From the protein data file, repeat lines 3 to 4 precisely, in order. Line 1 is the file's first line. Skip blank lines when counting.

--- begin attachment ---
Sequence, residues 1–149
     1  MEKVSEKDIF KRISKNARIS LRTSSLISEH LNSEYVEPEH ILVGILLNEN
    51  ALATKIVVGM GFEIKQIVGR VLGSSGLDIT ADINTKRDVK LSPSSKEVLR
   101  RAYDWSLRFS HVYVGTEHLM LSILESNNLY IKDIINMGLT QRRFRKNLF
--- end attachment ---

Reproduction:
    51  ALATKIVVGM GFEIKQIVGR VLGSSGLDIT ADINTKRDVK LSPSSKEVLR
   101  RAYDWSLRFS HVYVGTEHLM LSILESNNLY IKDIINMGLT QRRFRKNLF